Doctor Who
The Council of Nicaea

Starring: Peter Davison
Big Finish Productions
RRP: 14.99
ISBN 1 84435 134 3
Available 20 July 2005

The city of Nicaea, AD 325... The first great Church council, called by Emperor Constantine, is due to begin, uniting theology, philosophy and politics for millennia to come. The Doctor, Peri and Erimem are here simply to watch events unfold. None of them is ready for what greets them. Intrigue within the Imperial Palace has become violence on the streets, and blood is spilt in the name of faith...

Not being familiar with the historical period in question, I cannot say whether this story's depiction of the Roman Emperor Constantine (David Bamber) is surprising or not. What I can say is that Bamber's performance is an engaging one, veering disconcertingly between charismatic diplomacy and ruthless dictatorship.

Caroline Symcox's script is also a good story for Erimem (Caroline Morris), who takes impassioned exception to the Doctor's (Peter Davison) reluctance to become involved in events when she perceives injustice. The Time Lord plays his "we mustn't change history" card, but the Egyptian points out that this era is not the past as far as she is concerned: it is the future. This is very much Erimem's story, just as The Aztecs was Barbara's. As she puts her own life in danger, the Doctor and Peri (Nicola Bryant) grow increasingly concerned that she will either succeed in altering the timeline or die as a result of her inability to do so.

Over the years, Doctor Who has taken various, seemingly contradictory, approaches to the possibility of changing history. The Aztecs and The Reign of Terror seem to suggest that you cannot alter the timeline because it is impossible to do so. In later stories, such as Day of the Daleks, The Time Warrior and City of Death, the Doctor states that it is possible to change history, but this is something to be avoided at all costs. The Time Meddler, Pyramids of Mars and the 1996 TV movie imply that, although humans cannot hope to determine the outcome of events, a Time Lord or other similarly powerful being could achieve it.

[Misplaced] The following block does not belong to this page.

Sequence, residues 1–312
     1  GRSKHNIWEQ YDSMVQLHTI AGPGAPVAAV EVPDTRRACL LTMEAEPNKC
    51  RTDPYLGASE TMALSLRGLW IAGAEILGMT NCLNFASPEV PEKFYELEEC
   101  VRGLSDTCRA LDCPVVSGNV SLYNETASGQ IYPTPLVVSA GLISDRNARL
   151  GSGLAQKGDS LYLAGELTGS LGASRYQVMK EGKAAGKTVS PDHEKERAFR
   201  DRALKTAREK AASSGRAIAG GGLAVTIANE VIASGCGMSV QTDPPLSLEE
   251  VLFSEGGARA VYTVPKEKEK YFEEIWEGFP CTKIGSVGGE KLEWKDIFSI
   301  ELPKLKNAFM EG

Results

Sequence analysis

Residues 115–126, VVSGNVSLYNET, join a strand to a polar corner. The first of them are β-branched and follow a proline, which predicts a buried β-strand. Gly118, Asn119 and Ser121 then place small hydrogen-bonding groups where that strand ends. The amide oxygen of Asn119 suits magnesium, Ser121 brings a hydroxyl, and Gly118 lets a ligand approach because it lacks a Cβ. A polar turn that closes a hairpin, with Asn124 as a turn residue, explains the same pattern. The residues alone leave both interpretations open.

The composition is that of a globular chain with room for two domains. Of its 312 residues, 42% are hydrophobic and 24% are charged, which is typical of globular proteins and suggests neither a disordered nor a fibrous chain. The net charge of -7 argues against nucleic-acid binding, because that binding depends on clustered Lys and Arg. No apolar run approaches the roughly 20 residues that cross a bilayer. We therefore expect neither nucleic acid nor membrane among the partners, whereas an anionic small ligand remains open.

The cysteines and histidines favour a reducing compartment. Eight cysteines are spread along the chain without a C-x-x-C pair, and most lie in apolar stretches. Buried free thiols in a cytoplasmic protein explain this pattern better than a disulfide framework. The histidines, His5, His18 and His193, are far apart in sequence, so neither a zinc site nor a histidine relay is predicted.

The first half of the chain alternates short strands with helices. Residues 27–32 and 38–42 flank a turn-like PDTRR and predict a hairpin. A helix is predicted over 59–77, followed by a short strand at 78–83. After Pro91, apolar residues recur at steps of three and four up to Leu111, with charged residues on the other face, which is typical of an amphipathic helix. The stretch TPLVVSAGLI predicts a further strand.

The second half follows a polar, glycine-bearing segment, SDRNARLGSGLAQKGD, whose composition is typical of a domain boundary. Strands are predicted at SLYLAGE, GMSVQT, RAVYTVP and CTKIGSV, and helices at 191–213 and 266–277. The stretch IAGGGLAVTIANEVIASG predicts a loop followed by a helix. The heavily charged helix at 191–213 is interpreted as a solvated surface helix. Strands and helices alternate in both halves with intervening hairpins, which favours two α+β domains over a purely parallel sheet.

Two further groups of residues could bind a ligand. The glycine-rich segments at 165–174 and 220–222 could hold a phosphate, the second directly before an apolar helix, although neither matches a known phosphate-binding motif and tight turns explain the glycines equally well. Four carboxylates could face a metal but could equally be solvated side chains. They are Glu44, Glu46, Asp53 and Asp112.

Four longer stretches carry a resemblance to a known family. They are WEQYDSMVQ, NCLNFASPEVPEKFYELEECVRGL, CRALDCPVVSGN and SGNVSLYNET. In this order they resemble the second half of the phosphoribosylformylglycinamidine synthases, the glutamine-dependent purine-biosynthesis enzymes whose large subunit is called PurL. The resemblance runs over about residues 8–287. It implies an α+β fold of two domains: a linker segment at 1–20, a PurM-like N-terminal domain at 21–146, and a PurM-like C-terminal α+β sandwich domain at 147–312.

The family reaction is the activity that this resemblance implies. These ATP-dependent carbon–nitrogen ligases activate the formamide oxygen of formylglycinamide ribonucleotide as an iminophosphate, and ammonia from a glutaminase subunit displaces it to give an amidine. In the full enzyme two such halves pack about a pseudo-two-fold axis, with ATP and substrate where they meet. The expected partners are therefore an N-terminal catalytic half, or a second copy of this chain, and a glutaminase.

To reconcile these conflicting viewpoints, it is worth bearing in mind that Frontios suggests that history is more vulnerable at certain pivotal points, while Father's Day implies that time is more mutable when it is already weakened in some way. The former condition could account for the timeline's vulnerability in Day of the Daleks and The Time Warrior, while the latter could account for events in City of Death. In The Council of Nicaea, the Doctor is concerned that AD 325 is a critical juncture, so the Frontios factor can be applied here too.

As the Doctor, Davison is his usual reliable self, but Bryant comes across rather less well. Peri whines annoyingly as she struggles to dissuade Erimem from doing something she will live - or, even worse, not live - to regret.

And talking of awful accents, it somehow seems wrong to hear a Roman guard droppin' 'is aitches. However, we have little or no idea what a real Roman accent would have sounded like, so I suppose a regional British dialect is no less appropriate than received "BBC English". What is rather more unfortunate is a background actor who has trouble with his S's, who seems to tell his Emperor: "You sh*t on the council"!

Contentious though its religious subject matter is, The Council of Nicaea left me, for the most part, strangely unmoved. I doubt it will go down in history as a classic of the calibre of The Aztecs. Still, there are plenty of decent performances and other stuff that's nice 'ere.

Richard McGinlay

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